We loved the Blu restaurant, with it’s two massive sculptured rose walls, it’s chandeliers, it’s modern port hole multi coloured wall, and its small menu (changed nightly). We also loved the flexibility of this restaurant with no need to pre-book. Some nights we ate early and went to the late show, other nights we went to the early show and dined afterwards depending on our mood on the night.
The small menu changed each night. The food was superb, as was the service.
Some days we ordered breakfast in our room (a free service). Eating it on the balcony, how good was that! Other days we had breakfast in our Blu restaurant.
First port of call after two days at sea was the Isle of Pines. We’d heard nightmare stories of people on other ships queuing for hours to get a place on the tenders to be taken to shore. I must say the Celebrity Solstice provided an impressively efficient service. I don’t think anyone would have waited longer than 15 minutes – we certainly didn’t.
One side of the Island had a bit of a reef system ideal for snorkelling. We had forgotten our own snorkelling gear so had to hire some on the island. It was worth a look.
Then back to the main swimming beach, with it’s pleasantly warm water on the ship side of the Island.
Next days port of call was Mystery Island where we booked a guided snorkelling tour. It was deemed to be ‘extreme’, and only for experienced snorkelers. It’s always a bit of a worry when you book something that’s listed as being for ‘experienced’, as one never knows what the benchmark is that delineates the difference between a novice and someone with experience. As it turned out it did involve a lot of swimming to keep up with our guide, but we managed easily enough. The only hard part was climbing back into the boat – never easy climbing a flimsy boat ladder from out of deep water. None of us found that easy, but with much pulling and pushing we all managed.
There was loads of brightly coloured fish, and coral. Deep below us we saw a couple of rather large reef sharks that may have given cause for concern had our guides not warned us they prefer to keep a comfortable distance, and will swim away if we get to close.
Next stop was Loyalty Island, another lovely swimming beach. Apparently there was another lovely snorkelling spot there, but we opted for a short swim this time, then lay under the coconut palms for a while before returning to the boat.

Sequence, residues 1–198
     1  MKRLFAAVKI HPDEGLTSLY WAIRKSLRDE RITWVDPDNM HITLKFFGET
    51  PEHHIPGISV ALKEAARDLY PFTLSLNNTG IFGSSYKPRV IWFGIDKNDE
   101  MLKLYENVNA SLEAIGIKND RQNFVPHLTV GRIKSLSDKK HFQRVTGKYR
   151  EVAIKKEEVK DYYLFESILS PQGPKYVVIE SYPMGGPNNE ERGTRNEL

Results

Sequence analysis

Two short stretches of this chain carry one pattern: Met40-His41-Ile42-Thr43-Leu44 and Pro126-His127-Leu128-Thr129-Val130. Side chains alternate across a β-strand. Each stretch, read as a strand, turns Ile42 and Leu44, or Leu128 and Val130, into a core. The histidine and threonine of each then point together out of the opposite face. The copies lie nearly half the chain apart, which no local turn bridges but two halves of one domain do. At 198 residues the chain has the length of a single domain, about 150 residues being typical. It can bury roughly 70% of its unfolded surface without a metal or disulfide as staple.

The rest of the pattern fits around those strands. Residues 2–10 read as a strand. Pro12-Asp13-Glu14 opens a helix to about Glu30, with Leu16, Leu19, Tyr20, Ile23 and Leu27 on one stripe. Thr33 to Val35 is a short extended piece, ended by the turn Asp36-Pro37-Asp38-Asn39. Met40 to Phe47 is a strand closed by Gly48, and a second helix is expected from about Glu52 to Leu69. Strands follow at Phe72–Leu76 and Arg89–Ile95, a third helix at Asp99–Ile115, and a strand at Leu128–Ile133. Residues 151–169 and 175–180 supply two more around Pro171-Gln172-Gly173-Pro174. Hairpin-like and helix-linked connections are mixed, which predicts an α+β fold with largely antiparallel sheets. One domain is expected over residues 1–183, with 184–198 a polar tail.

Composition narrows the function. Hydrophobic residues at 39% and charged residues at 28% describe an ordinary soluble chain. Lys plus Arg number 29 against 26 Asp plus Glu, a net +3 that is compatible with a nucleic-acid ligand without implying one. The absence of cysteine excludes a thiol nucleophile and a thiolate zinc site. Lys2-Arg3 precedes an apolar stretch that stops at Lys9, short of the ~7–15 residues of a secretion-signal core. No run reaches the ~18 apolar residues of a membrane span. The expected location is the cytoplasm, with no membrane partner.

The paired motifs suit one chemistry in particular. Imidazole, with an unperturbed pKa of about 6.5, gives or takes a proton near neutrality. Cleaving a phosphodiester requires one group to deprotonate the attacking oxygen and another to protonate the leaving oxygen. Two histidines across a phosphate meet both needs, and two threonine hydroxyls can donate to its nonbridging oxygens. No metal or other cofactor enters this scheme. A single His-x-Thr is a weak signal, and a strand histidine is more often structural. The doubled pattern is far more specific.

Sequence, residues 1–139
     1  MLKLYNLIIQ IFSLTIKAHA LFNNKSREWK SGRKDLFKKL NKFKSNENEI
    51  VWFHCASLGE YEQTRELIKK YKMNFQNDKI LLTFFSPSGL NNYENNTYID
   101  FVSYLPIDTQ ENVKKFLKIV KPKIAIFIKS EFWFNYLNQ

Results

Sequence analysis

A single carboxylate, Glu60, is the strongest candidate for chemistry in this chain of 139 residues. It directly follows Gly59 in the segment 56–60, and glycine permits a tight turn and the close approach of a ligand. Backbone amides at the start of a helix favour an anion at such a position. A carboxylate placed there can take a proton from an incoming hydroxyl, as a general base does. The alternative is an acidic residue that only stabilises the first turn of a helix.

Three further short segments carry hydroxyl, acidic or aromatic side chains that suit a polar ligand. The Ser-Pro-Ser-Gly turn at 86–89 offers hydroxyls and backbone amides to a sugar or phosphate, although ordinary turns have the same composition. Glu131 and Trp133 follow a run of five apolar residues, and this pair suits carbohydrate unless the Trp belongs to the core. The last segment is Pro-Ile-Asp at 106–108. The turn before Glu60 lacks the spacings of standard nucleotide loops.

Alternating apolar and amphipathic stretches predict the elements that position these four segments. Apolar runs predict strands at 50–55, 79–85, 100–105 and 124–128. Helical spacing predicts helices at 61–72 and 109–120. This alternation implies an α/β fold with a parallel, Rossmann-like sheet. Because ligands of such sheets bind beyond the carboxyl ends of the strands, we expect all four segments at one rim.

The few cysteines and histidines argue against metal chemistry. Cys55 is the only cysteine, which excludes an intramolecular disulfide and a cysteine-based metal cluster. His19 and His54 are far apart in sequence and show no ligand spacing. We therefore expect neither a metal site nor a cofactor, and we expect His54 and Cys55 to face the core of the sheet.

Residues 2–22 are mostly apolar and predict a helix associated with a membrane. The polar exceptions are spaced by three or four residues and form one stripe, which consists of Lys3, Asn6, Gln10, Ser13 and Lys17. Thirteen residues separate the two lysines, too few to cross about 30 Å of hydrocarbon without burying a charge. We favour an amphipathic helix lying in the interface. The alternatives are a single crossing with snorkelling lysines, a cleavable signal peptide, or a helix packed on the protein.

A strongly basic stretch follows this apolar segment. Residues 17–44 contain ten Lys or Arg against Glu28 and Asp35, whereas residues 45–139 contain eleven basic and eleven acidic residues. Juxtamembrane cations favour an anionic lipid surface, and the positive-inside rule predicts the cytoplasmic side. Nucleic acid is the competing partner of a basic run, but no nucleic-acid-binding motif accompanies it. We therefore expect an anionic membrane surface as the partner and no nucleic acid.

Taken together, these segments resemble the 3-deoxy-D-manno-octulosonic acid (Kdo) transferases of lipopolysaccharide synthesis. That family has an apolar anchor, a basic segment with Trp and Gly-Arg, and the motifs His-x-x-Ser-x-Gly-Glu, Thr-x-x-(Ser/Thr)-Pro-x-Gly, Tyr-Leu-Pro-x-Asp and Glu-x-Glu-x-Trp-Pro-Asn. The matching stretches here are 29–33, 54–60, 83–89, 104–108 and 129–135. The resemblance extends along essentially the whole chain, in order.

The crew provided a welcome treat for all the returning passengers after each beach stop, a lovely drink of iced water, and a cool wet face cloth for a cool, refreshing wipe down. What a pleasure!
Our last stop was Noumea, the capital of New Caledonia. It lived up to it’s reputation of having nothing much there worth photographing or writing about. Some passengers did an Island tour and I believe they found it to be quite amazing. Perhaps we should have done the same, but we felt we’d had our share of swimming and snorkelling. Maybe next time…..
Then our return to Sydney.
The last two sea days on the cruise left some people on board, including some of the crew a little under the weather as we sailed back towards Sydney in the wake of Cyclone Debbie. The seas were rough with the high swells tossing the big ship around as if it was a small boat. The top decks and pools were closed I believe. I never went up to look myself – it wasn’t a place one would have wanted to be in such rough conditions.
On the second to last night sleep was a bit elusive for most on board, including us, as the ship crashed and rocked towards home. We berthed on time to a wet and rainy Sydney. Then our flight back to WA in time to drive home for a night in our own bed. As with any trip away, it’s always nice to come home again.
Will we cruise again – maybe? We enjoyed a lot of it, some of it was disappointing. It was certainly relaxing. We have friends that love cruising. Perhaps one day we’ll do a cruise with them if we can find one that appeals at the right price. That’s if I haven’t proved myself to be too much of a party pooper for them to want to cruise with.